Based on a Harvard Crimson survey of freshmen entering Harvard in 2016, legacies remain a largely homogeneous group. They made up 15% of the student body, but 26.6% of those whose parents had a combined annual income of $500,000 or more. Of freshmen who identified themselves as white, 35% said that a family member had gone to Harvard as an undergraduate. Two-thirds of students whose parents had a combined annual income of more than $500,000 said that family members had attended Harvard.

Meanwhile, the practice of giving admissions breaks to children of current or prospective donors has only intensified. With other sources of revenue failing to keep pace with costs – the pace of tuition increases is declining, as is the percentage of alumni who donate to the country’s top 20 schools – universities are more dependent than ever on major givers, and thus under more pressure to accept their children. In 2015 alone, seven individuals made gifts of more than $100 million apiece to higher education, including one bequest.

“Recognising that the market is more competitive and that we’re constrained in our ability to raise prices, we are going to be more dependent on philanthropy,” Donald Heller, provost and vice president of academic affairs at the University of San Francisco, told me last fall. “That means there’s probably more pressure on admissions offices around legacies and development admits” – applicants recommended by the development (ie, fundraising) office.

In an era of widening economic and social inequity, and of backlash against minority groups, the way to open more slots for outstanding Asian-American applicants is not to ban affirmative action. A better approach for eliminating the “Asian fail” is to curtail preferences for rich whites.

This story was co-published with Bloomberg View.

This article first appeared on ProPublica.

Support our journalism by subscribing to Scroll+ here. We welcome your comments at letters@scroll.in.
Sponsored Content BY 

Tracing the formation of Al Qaeda and its path to 9/11

A new show looks at some of the crucial moments leading up to the attack.

“The end of the world war had bought America victory but not security” - this quote from Lawrence Wright’s Pulitzer-Prize winning book, ‘The Looming Tower’, gives a sense of the growing threat to America from Al Qaeda and the series of events that led to 9/11. Based on extensive interviews, including with Bin Laden’s best friend in college and the former White House counterterrorism chief, ‘The Looming Tower’ provides an intimate perspective of the 9/11 attack.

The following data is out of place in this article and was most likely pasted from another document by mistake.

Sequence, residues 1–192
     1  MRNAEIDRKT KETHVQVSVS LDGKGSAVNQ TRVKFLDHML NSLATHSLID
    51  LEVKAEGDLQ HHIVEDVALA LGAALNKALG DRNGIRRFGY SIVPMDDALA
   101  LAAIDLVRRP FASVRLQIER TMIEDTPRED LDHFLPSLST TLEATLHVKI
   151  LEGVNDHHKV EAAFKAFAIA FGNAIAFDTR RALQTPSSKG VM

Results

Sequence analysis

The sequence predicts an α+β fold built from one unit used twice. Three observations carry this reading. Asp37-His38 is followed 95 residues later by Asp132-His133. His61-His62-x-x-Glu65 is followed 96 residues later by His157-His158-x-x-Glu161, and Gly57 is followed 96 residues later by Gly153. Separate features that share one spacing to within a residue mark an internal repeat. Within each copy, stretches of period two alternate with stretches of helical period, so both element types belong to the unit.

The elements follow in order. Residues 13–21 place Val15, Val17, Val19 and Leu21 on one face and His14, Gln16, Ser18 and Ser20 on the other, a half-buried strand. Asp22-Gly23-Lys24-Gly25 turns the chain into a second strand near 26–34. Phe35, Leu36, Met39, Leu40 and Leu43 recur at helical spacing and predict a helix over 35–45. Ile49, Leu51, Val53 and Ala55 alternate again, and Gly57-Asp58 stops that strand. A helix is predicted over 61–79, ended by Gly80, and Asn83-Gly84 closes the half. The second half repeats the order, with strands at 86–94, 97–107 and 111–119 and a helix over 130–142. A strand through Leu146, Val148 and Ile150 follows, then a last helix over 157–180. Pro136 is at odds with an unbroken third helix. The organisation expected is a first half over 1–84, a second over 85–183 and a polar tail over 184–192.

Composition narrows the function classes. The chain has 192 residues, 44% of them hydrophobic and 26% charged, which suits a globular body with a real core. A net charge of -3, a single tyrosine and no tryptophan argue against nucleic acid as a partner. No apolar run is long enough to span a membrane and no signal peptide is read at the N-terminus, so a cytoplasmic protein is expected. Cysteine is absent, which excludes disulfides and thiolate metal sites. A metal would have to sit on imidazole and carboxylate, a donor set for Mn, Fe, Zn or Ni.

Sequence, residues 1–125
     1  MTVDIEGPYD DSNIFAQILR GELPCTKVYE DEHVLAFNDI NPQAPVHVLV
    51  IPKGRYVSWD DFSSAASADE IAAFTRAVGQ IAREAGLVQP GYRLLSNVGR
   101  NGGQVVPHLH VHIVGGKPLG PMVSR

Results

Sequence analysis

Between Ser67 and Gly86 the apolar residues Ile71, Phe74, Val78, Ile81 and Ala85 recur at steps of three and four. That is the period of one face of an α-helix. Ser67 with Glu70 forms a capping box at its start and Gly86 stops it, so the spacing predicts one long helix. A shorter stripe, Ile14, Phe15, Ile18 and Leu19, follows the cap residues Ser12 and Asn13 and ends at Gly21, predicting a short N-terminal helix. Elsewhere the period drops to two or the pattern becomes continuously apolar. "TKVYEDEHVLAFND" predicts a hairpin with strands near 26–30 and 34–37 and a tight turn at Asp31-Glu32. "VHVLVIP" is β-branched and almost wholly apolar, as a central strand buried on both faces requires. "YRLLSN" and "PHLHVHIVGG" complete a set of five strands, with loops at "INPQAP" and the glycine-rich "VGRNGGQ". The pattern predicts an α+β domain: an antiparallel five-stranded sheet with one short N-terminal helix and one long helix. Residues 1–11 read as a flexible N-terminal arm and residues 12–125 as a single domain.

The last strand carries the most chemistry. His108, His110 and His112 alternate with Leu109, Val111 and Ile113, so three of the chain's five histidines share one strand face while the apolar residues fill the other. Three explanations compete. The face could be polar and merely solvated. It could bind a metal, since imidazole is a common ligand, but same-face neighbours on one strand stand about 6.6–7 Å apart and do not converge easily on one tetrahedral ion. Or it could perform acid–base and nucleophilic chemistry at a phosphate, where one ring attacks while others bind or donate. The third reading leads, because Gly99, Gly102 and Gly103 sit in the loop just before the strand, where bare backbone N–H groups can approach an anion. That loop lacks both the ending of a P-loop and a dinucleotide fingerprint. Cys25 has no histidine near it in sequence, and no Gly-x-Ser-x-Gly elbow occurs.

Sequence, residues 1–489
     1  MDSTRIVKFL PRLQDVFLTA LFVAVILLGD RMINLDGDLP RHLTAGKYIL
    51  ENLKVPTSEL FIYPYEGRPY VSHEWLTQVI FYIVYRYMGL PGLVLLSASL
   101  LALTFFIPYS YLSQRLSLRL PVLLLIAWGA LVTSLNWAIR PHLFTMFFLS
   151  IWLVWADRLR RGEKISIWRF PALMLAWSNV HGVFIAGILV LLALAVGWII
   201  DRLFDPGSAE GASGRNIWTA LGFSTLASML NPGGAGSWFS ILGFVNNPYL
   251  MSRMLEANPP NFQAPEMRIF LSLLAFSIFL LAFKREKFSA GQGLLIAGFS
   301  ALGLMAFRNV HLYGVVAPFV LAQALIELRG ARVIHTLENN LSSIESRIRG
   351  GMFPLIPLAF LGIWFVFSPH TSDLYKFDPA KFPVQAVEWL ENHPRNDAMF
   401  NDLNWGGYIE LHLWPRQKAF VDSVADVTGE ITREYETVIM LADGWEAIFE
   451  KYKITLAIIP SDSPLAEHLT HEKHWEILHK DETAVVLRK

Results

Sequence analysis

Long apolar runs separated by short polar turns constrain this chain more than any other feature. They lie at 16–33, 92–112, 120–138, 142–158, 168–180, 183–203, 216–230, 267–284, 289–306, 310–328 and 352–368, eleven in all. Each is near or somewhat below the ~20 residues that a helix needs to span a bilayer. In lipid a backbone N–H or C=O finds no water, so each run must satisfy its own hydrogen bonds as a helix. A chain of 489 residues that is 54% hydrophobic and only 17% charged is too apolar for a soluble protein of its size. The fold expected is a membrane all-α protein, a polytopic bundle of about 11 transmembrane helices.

Lawrence Wright chronicles the formative years of Al Qaeda, giving an insight in to Bin Laden’s war against America. The book covers in detail, the radicalisation of Osama Bin Laden and his association with Ayman Al Zawahri, an Egyptian doctor who preached that only violence could change history. In an interview with Amazon, Wright shared, “I talked to 600-something people, but many of those people I talked to again and again for a period of five years, some of them dozens of times.” Wright’s book was selected by TIME as one of the all-time 100 best nonfiction books for its “thoroughly researched and incisively written” account of the road to 9/11 and is considered an essential read for understanding Islam’s war on the West as it developed in the Middle East.

‘The Looming Tower’ also dwells on the response of key US officials to the rising Al Qaeda threat, particularly exploring the turf wars between the FBI and the CIA. This has now been dramatized in a 10-part mini-series of the same name. Adapted by Dan Futterman (of Foxcatcher fame), the series mainly focuses on the hostilities between the FBI and the CIA. Some major characters are based on real people - such as John O’ Neill (FBI’s foul-mouthed counterterrorism chief played by Jeff Daniels) and Ali Soufan (O’ Neill’s Arabic-speaking mentee who successfully interrogated captured Islamic terrorists after 9/11, played by Tahar Rahim). Some are composite characters, such as Martin Schmidt (O’Neill’s CIA counterpart, played by Peter Sarsgaard).

The series, most crucially, captures just how close US intelligence agencies had come to foiling Al Qaeda’s plans, just to come up short due to internal turf wars. It follows the FBI and the CIA as they independently follow intelligence leads in the crises leading up to 9/11 – the US Embassy bombings in East Africa and the attack on US warship USS Cole in Yemen – but fail to update each other. The most glaring example is of how the CIA withheld critical information – Al Qaeda operatives being hunted by the FBI had entered the United States - under the misguided notion that the CIA was the only government agency authorised to deal with terrorism threats.

The depth of information in the book has translated into a realistic recreation of the pre-9/11 years on screen. The drama is even interspersed with actual footage from the 9/11 conspiracy, attack and the 2004 Commission Hearing, linking together the myriad developments leading up to 9/11 with chilling hindsight. Watch the trailer of this gripping show below.

Play

The Looming Tower is available for streaming on Amazon Prime Video, along with a host of Amazon originals and popular movies and TV shows. To enjoy unlimited ad free streaming anytime, anywhere, subscribe to Amazon Prime Video.

This article was produced by the Scroll marketing team on behalf of Amazon Prime Video and not by the Scroll editorial team.